Missing Mother, Whiteness, and the Search for Justice
by Meredith Tweed
This morning I made my toddler chocolate chip pancakes (don’t worry there was pureed veggies and fruit in the batter) and held my six month old tight because my Nanny, with her beautiful garden and delicious cakes, taught me a simple southern truth: feeding people is an act of love. This morning— in the town just outside of the now infamous Sanford, Florida—I needed to feel the weight of their small bodies in my arms, needed to feel the soft texture of their hair, needed to bombard them with every once of love I could manage at 6:00 am because my friend, Myranda Southern, is missing and her babies may never eat pancakes made by their momma again.
Wednesday morning I learned from my longtime friend’s mother that Myranda had never made it back home to Florida to pick up her two children who were here visiting for a week this summer. In fact, she missed her eight-year-old daughter’s birthday. This is not like my friend Myranda, a devoted mother to her two children. Her children, like many of us, are her world. We don’t know what would cause Myranda to miss Abigail’s 8th birthday, what could keep her.
What we knew then was that:
1. She was last seen leaving work at midnight on August 18th
2. She did not make it home
3. She phoned a friend early Monday morning to say that she had been with her estranged husband Shawn Southern, a relationship described by her family as violent
4. The Greenville, SC Sheriff’s Office was slow moving on the investigation and was not keeping the family informed.
I went into activist mom mode. I did what a lifetime of volunteer efforts, church organizations, college organizing, and women’s groups have taught me. I launched a facebook (www.facebook.com/myrandasouthern) page to organize the efforts of volunteers; I created a flyer, began speaking to the police, found a lawyer willing to work for the family free of charge, and enlisted everyone I knew to help me find my friend. I put people to work and gave grieving friends (like myself) someplace to hurl their energy, sorrow, and anger.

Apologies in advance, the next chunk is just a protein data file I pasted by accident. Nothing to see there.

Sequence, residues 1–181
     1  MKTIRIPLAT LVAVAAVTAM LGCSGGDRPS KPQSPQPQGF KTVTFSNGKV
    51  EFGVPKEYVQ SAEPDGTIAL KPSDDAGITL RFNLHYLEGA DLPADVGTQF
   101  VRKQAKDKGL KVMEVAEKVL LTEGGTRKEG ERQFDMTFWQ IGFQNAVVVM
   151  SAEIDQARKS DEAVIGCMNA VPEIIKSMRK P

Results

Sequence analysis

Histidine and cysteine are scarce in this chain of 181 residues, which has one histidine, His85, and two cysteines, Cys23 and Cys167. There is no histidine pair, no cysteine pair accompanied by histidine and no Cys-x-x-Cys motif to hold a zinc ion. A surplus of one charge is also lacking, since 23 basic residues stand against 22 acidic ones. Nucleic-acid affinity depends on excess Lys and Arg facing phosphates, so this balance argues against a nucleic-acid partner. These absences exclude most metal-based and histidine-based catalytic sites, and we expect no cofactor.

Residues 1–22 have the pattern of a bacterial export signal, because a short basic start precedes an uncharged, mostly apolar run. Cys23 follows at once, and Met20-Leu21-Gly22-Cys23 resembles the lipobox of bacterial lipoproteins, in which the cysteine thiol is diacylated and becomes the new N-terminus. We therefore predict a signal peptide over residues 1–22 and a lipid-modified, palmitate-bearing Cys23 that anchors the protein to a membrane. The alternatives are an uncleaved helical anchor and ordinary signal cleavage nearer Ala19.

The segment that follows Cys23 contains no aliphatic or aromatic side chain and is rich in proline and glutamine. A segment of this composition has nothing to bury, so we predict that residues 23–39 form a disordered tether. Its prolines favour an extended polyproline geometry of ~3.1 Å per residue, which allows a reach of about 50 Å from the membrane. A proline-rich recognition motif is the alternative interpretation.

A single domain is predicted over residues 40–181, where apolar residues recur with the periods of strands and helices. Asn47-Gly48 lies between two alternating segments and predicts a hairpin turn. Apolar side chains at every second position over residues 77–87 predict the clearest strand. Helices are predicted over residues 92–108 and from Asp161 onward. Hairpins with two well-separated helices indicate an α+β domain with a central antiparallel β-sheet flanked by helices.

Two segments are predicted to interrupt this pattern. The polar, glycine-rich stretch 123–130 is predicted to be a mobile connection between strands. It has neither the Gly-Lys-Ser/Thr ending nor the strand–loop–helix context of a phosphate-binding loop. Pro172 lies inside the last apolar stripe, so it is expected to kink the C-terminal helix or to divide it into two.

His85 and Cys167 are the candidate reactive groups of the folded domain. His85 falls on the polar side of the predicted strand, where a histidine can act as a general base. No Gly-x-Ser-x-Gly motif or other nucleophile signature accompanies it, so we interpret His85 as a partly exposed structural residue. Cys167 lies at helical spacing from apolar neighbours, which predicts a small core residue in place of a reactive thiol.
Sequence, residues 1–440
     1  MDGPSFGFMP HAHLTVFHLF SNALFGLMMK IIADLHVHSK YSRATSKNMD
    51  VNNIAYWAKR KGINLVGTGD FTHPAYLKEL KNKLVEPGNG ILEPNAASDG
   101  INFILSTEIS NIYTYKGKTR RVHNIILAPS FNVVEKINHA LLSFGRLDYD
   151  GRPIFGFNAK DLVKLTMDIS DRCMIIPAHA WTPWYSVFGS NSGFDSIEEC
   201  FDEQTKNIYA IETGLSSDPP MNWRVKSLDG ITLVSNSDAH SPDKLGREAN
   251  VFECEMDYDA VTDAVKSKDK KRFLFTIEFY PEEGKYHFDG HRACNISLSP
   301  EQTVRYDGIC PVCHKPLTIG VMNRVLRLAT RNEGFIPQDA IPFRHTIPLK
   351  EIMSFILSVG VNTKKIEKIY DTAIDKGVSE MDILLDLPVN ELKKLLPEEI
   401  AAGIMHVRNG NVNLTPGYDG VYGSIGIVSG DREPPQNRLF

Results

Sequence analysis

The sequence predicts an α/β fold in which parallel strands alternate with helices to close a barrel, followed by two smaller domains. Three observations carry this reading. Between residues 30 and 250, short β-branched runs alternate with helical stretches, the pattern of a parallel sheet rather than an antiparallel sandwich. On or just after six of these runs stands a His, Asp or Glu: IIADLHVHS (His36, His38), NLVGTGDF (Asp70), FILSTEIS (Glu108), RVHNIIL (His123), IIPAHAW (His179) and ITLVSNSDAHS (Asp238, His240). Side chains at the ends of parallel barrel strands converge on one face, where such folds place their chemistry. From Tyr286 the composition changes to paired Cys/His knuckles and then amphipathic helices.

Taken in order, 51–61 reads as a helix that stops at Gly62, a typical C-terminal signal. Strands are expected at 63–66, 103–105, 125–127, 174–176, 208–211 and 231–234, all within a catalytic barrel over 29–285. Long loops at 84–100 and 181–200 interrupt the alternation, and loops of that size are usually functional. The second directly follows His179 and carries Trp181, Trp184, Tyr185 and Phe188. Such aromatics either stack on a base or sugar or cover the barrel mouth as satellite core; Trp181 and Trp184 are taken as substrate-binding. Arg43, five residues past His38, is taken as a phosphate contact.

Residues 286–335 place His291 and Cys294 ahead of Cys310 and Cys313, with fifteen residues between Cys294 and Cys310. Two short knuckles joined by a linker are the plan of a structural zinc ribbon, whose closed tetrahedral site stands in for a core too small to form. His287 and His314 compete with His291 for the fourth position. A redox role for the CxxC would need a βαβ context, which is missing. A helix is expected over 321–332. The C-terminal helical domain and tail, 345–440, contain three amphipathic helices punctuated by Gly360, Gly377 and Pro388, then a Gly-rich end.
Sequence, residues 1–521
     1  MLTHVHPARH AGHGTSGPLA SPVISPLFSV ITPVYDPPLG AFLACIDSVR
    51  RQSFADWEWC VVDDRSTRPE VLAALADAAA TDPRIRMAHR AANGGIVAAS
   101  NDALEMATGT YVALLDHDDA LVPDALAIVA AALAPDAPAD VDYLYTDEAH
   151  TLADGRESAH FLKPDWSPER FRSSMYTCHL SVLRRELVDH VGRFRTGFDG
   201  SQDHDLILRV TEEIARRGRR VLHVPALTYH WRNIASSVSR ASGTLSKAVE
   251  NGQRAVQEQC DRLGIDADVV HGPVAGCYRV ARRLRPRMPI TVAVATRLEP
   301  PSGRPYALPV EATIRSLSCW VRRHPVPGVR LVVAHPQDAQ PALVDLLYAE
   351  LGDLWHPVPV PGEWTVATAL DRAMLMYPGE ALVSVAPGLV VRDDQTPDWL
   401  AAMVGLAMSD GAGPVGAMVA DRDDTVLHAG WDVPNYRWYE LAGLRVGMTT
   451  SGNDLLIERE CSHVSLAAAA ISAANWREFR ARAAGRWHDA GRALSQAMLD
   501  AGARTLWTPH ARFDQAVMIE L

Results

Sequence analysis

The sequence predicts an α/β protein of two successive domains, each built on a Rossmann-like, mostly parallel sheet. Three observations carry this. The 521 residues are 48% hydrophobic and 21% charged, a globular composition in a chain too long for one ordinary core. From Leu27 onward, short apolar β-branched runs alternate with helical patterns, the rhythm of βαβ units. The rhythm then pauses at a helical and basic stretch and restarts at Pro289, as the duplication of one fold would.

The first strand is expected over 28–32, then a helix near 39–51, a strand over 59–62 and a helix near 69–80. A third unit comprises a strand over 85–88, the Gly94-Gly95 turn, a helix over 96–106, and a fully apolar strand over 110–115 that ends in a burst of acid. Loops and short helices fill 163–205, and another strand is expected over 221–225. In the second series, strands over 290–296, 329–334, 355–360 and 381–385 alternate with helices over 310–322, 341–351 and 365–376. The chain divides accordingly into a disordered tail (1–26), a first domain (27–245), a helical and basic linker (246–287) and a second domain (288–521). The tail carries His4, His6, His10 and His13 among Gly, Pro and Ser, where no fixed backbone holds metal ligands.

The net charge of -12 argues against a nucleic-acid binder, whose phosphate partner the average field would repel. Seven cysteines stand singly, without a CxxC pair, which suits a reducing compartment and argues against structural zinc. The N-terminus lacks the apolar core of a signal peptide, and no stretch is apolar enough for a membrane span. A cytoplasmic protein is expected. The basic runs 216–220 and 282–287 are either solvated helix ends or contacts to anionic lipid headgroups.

When I began posting about #findmyranda there was no mention of her disappearance. Within twenty-four hours the efforts of online activists caused the local news to pick up the story in South Carolina and within 48 hours the story was being seen in Orlando and featured on websites like thundercloudit (http://thndr.it/19JgzIh). As of this post our group of activists has been interviewed by Good Morning America and anticipate being picked up by the national news circuit.
And, while I applaud the work of activists, I still woke up this morning to my babies while my friend’s children are confused and hurting, wondering where their momma is. As the day went on and we gained more and more attention I couldn’t help but think about the thousands of women across the nation that go missing without out anyone organizing on their behalf. I thought about poor women who are written off, about LGBTQ youth (http://zebrayouth.org/) that are abandoned by families, and about the countless victims of partner based violence that are ignored by police. And, I thought about my whiteness.
I am a white mother helping a white mother. Our story is the story that the media outlets choose to put as the face of injustice and tragedy. And while my friend and her family are working class, without traditional access to resources and familiarity to navigate the complex legal system, I am not. My story and my friend Myranda’s story is steeped in privilege even (especially?) at a time when it feels like the greatest oppression and sorrow I have ever known and even when gender based violence may be the cause.
This knowledge makes my stomach hurt. This knowledge makes me want to scream. This knowledge reminds me that I must be responsible for my whiteness. I have a stake in the lives of women of color and their children; I have a stake in how their stories are (un)told or silenced. I have a stake in how white motherhood is used against women of color. In telling Myranda’s story I must also be diligent to work against these prevailing attitudes about race, to acknowledge and show care about the stories of missing women of color, and to honor the lives of mothers that have disappeared without news coverage or hashtags.
Here are some places to start:
Pamela Butler: http://blackandmissing.org/2012/01/missing-on-valentines-day-pamela-j-butler-d-c/
Stephanie Shipman: http://www.blackandmissinginc.com/cdad/index.cfm?MissingInfoID=1652
Latasha Nevitt: http://newsone.com/2138899/latasha-nevitt-missing/
April Pickens: http://www.ncmissingpersons.org/april-pickens/
Let us keep telling the stories of missing women, missing mothers, of the impact of violence in our lives…